'We don't need a badge or title' ... but Scarborough Council votes to make it easier to receive a civic honour

Scarborough Town Hall
Scarborough Town Hall

Scarborough Council has made it easier for former councillors to be named honorary aldermen of the borough after they leave the authority.

At present, councillors who have 16 years’ service on the authority, the equivalent of winning four terms, and have served as Mayor, a group leader or chairman of a committee are given the honour when they retire or lose their seat.

With May’s local elections closing in, where the council will drop from 50 seats to 46, the borough authority was looking to make the requirements easier.

A report that went before the council on Friday recommended keeping only the length of service requirement as the authority has reduced the number of committees it operates, reducing the chances of a member fulfilling the criteria.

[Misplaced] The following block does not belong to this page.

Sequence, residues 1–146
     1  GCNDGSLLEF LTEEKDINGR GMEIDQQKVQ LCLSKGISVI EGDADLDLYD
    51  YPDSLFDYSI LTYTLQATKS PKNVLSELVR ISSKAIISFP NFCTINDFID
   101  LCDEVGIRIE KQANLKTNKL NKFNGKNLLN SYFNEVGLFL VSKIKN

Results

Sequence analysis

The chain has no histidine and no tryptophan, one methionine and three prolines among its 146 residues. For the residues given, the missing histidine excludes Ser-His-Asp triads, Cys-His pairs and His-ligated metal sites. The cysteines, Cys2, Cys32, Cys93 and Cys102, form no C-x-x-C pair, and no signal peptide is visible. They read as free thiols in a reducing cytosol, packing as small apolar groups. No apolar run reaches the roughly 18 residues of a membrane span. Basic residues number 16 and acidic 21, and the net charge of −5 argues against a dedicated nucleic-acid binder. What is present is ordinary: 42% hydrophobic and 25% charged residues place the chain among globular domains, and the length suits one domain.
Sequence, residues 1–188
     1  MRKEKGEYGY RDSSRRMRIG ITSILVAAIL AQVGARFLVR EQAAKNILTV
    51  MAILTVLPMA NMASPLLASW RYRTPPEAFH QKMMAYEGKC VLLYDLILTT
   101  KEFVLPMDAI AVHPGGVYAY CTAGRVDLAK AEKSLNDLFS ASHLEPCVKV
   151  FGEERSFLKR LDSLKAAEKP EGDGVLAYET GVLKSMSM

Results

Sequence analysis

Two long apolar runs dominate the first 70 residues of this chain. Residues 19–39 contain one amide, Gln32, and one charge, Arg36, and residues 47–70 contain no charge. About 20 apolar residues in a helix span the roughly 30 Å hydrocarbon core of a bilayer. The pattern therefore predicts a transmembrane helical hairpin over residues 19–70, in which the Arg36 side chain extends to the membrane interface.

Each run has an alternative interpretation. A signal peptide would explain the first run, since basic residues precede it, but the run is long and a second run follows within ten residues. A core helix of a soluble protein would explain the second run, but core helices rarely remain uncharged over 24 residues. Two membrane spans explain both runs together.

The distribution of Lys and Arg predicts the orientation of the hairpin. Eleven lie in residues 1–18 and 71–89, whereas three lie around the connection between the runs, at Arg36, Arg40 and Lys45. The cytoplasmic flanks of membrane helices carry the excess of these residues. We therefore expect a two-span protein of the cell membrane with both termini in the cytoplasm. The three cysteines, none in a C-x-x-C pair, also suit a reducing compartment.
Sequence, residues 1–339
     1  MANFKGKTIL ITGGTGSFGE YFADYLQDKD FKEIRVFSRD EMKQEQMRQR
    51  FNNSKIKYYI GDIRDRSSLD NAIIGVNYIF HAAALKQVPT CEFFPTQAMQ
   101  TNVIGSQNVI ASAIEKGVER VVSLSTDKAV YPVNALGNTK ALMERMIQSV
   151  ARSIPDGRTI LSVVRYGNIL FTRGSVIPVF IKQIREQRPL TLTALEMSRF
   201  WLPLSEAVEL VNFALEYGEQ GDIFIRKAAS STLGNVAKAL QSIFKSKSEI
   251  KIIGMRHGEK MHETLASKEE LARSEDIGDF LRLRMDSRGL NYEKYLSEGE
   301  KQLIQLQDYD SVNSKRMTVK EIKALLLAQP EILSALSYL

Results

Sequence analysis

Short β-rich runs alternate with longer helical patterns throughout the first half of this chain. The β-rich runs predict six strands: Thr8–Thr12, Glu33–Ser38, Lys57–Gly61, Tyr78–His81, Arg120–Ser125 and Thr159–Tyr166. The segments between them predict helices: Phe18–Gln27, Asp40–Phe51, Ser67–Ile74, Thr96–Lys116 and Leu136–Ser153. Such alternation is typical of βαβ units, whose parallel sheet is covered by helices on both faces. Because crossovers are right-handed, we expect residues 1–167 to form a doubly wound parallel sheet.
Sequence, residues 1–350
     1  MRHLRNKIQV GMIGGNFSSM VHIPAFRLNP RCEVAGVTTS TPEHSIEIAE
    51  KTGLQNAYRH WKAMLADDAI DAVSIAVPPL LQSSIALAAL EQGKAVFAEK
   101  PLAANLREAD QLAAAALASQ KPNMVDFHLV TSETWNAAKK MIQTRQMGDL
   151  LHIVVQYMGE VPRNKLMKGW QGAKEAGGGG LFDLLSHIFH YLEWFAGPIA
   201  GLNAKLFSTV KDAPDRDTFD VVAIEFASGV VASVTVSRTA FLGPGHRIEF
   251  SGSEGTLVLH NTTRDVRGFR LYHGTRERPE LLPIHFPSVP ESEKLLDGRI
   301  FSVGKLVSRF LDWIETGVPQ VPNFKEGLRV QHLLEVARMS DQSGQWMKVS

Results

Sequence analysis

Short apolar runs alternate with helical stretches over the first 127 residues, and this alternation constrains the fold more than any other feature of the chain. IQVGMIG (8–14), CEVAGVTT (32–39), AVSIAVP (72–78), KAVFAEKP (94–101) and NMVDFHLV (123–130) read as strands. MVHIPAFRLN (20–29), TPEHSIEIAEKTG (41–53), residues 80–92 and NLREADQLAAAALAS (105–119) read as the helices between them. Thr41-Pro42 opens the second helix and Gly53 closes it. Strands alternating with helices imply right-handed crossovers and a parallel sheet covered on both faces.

The change was approved but not without debate.

Labour leader Cllr Steve Siddons backed calls from fellow Labour member Cllr Liz Colling for the title to be scrapped.

He said that “simply doing your job as a councillor is honour enough for a job well done and we don’t need a badge or a title.”

Cabinet member and independent councillor Mike Cockerill also argued against the change. He asked that the council adopted language used in the Local Government Act which says the title should be applied to people who have given “eminent service” to an authority.

He said the change to just a length of service requirement had a “demeaning effect” on the title.

Cllr Sandra Turner (Con) said the change “simplified” the criteria.

She added: “If residents of the borough have elected a member to this council four times then we need to listen to those residents.”

The years of service criteria will now be adopted starting after May’s local elections.